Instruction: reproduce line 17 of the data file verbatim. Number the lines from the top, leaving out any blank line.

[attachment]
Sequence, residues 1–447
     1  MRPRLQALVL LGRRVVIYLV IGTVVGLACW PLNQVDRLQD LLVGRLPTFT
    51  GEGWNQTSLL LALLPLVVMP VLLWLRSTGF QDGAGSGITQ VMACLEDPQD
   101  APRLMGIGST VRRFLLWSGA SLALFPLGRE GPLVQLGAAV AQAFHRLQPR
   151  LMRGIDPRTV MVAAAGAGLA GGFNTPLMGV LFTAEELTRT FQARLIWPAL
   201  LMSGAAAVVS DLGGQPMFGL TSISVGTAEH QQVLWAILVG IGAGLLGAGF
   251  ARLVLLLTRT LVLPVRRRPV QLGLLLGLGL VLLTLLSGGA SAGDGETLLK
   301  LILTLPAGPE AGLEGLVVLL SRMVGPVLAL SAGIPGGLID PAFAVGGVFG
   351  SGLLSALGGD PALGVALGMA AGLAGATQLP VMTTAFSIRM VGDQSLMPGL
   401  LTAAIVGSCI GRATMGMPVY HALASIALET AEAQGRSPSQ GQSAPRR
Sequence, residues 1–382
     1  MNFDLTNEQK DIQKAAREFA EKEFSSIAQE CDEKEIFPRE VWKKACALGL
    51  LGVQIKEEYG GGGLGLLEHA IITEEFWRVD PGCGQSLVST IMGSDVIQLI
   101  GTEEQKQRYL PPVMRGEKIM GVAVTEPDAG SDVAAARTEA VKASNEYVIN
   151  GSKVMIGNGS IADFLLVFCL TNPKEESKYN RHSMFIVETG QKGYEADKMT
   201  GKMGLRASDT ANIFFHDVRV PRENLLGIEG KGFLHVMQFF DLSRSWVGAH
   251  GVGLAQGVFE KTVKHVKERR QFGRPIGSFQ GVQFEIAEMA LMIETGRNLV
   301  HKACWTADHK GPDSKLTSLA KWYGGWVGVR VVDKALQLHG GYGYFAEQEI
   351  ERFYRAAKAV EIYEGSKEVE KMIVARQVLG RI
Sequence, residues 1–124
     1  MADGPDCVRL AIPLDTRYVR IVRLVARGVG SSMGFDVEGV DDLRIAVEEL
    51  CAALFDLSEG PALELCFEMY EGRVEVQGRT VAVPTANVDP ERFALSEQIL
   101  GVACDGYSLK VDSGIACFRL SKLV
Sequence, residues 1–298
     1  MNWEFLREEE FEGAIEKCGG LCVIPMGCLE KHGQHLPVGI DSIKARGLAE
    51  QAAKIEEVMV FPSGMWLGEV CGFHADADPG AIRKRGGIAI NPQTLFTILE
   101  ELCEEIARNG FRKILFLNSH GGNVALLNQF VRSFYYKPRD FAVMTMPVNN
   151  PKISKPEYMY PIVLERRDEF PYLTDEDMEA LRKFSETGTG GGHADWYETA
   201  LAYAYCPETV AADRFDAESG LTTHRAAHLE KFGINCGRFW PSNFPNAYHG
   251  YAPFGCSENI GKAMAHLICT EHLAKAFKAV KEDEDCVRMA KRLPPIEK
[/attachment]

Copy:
   251  GVGLAQGVFE KTVKHVKERR QFGRPIGSFQ GVQFEIAEMA LMIETGRNLV